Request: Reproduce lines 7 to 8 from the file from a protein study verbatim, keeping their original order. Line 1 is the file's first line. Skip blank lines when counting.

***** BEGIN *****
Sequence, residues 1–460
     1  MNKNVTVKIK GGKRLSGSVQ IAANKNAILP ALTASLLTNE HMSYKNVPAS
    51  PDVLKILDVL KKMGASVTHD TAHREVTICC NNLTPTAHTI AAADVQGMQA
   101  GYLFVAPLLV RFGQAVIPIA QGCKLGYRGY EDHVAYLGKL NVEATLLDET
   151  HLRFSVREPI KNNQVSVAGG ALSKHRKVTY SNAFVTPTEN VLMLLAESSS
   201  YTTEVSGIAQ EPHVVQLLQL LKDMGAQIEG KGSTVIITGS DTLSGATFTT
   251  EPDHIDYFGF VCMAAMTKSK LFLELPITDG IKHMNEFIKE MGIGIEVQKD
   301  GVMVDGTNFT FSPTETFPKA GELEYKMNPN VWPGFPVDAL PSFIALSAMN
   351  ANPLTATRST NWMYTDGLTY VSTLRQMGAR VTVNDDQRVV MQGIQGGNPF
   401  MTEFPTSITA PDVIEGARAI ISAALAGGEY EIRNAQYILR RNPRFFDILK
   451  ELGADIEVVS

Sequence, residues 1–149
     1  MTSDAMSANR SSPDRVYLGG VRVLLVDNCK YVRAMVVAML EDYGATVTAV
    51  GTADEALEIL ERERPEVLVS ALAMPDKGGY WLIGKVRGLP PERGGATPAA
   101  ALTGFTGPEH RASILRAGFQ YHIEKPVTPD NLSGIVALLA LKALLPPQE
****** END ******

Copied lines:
   251  EPDHIDYFGF VCMAAMTKSK LFLELPITDG IKHMNEFIKE MGIGIEVQKD
   301  GVMVDGTNFT FSPTETFPKA GELEYKMNPN VWPGFPVDAL PSFIALSAMN